Is this common?

By | Category: Travel rumblings

how was such a situation allowed to occur? Image © Dan Sperrin

From the Aberdeen Press & Journal this morning comes a story about a hotel and how it stores food that should make holidaymakers concerned?

Apparently last February, environmental health inspectors visited the Doubletree Hotel in Aberdeen’s city centre at 9am. What they found was not just poor and sloppy storage of foodstuffs – both prepared and raw  -but that there had also been tampering with food labels so that the shelf life was extended ie food that should have not have been used was given an extended shelf life making it fit for human consumption.

The reason I mentioned the 9am timing was because, as the inspectors say in their report, the foodstuffs could not have been prepared on that day.

If we are talking about one or two items I might feel a little more sympathetic to the hotel because which of us has never found the odd item of food lurking at the back of a fridge or freezer and which should have been thrown long ago. I am also not a big supporter of “use-by” dates since some food stuffs like cheese can be still maturing and becomes tastier after the date.

But in this instance the newspaper says that dozens of containers containing things like “discoloured meat and mouldy cheesecake” had to be thrown. The Press & Journal goes on to say, “In all, 97 individual food items had to be disposed of, including raw prawns, fish, chicken, and red meat, “visibly deteriorated” horseradish cream, piping bags of squid ink mash, a variety of prepared vegetables and a number of sauces.”

That ninety seven items had to be thrown doesn’t show carelessness; it shows systemic deceit and a hotel culture that tolerated it.

The newspaper story says that “During the inspection council officers were told that product testing had been carried out to verify the standard of food, but documentation of this could not be required on request. It became clear that two different food safety policies were being used and causing confusion to DoubleTree staff members, while the newest policy was found to be “inaccurate, inconsistent and had not been implemented in practice on the premises”.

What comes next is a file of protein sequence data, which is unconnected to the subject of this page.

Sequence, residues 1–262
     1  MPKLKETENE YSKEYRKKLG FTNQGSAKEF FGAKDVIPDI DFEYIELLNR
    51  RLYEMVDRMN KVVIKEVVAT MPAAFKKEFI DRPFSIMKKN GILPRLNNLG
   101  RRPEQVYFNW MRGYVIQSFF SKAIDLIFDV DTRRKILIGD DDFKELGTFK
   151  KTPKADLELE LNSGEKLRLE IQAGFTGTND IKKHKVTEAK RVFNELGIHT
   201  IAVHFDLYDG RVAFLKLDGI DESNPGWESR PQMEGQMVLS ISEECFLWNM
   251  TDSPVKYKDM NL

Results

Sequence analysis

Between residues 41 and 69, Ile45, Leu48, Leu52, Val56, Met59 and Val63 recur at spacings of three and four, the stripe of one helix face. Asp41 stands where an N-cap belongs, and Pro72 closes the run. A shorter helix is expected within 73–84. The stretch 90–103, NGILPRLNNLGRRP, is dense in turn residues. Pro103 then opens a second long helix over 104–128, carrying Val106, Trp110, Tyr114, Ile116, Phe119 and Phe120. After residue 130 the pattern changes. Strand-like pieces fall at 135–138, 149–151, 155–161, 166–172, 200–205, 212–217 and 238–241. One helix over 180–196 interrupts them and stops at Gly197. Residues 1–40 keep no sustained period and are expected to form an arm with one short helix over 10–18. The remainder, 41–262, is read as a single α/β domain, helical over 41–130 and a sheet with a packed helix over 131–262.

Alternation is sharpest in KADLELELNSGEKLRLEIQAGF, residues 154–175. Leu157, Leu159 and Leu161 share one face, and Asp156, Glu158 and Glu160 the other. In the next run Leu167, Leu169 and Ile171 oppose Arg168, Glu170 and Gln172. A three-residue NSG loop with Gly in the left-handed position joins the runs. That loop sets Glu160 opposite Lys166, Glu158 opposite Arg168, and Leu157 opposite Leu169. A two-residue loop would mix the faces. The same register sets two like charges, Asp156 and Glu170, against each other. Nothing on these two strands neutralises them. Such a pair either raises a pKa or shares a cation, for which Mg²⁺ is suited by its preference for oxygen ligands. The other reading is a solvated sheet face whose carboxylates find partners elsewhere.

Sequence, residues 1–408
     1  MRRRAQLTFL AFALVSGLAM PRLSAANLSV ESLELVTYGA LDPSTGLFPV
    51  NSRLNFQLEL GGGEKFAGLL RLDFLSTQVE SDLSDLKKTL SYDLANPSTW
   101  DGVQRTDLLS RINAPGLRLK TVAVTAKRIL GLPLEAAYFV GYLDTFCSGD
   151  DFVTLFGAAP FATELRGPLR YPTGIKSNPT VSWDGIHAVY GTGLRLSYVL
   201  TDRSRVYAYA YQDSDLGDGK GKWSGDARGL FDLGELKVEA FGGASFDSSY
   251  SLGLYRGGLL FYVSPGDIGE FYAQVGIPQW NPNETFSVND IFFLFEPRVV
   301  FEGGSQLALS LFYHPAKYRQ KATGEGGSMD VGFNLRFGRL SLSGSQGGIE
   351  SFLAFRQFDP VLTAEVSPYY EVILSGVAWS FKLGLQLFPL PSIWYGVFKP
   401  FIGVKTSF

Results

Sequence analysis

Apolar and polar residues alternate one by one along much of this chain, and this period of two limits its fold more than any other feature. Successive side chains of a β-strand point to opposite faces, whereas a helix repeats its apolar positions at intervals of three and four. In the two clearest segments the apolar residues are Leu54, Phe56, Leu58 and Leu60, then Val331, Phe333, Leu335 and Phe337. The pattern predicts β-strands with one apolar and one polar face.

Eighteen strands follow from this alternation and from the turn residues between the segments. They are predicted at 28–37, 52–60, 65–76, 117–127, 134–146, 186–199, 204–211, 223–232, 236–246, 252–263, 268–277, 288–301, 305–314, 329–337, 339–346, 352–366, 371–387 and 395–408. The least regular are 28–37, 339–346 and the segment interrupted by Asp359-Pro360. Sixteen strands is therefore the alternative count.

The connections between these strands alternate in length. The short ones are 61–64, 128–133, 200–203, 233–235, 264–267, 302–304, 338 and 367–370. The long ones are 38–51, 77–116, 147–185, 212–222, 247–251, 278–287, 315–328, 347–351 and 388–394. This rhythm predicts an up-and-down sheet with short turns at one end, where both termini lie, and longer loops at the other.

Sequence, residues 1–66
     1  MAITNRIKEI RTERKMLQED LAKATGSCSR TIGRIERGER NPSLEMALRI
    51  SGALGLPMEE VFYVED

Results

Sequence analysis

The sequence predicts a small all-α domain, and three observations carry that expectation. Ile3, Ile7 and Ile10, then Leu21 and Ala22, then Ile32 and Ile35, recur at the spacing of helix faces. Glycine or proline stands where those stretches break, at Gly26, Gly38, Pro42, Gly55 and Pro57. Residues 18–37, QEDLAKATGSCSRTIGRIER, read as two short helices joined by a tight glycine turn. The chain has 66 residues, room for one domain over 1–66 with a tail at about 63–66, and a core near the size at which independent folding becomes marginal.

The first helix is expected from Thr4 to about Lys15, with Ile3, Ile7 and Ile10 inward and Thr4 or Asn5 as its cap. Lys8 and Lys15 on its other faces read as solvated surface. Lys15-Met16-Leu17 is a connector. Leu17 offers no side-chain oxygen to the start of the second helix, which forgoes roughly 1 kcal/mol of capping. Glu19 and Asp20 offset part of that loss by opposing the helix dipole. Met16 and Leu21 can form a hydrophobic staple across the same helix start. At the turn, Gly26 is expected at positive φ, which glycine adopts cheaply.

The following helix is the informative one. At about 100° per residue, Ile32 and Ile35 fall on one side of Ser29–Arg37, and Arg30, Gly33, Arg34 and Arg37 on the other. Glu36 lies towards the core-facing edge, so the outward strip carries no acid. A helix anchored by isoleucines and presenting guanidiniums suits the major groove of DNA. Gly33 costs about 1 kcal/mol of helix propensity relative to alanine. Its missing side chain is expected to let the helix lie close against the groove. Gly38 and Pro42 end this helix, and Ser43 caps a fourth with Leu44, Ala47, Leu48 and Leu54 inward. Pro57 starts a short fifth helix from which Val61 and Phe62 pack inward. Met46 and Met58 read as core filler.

I find those statements shameful suggesting that either the hotel didn’t know what it was doing and seemingly saying that the staff were not really to blame because they couldn’t follow. Surely anybody could recognise food that had turned a funny colour!

The inspectors visited the hotel a month later and found that – according to Doubletree – “they are satisfied with the measures we have taken.”

This raises a number of questions. Why, for example, did the inspectors not close the kitchens at the hotel until they had been thoroughly cleaned so all traces of decaying food were cleared out? Why did it take a month to the next inspection and was it at an agreed time or was it a spot check? What has happened to the kitchen staff? Were they re-trained or fired? Did Doubletree order a check on all their other hotels to see if the problem was chain-wide or just limited to Aberdeen? And how is it that Doubletree’s own managers were not aware of this?

Out of interest I looked at the seven February dated reviews of the hotel on TripAdvisor and there is nothing about sending food back or the food tasting funny. But there are no reviews between 18th of February and the end of the month. I looked at booking.com which had ten reviews for last February that talked of the food and the most critical was from John saying that the “Food not to my expectations from such a well known brand” unlike Colin who said that “Dinner was excellent.”

If the quality of the food was bad, wouldn’t you have expected guests to point that out? That they didn’t does raise more questions in my mind such as why didn’t it appear in reveiws? Why didn’t it show up on Doubltree’s own customer satisfaction system? That it didn’t suggests their system is ineffective – at least as it relates to food.

Finally, did inspectors visit other Doubletree hotels to see if the problem was limited to just this one hotel? And should they visit other hotels in the city to see if it is a brand-based problem or a city based one?

As a frequent hotel stayer, I hope that this situation doesn’t happen anywhere else.

 

 

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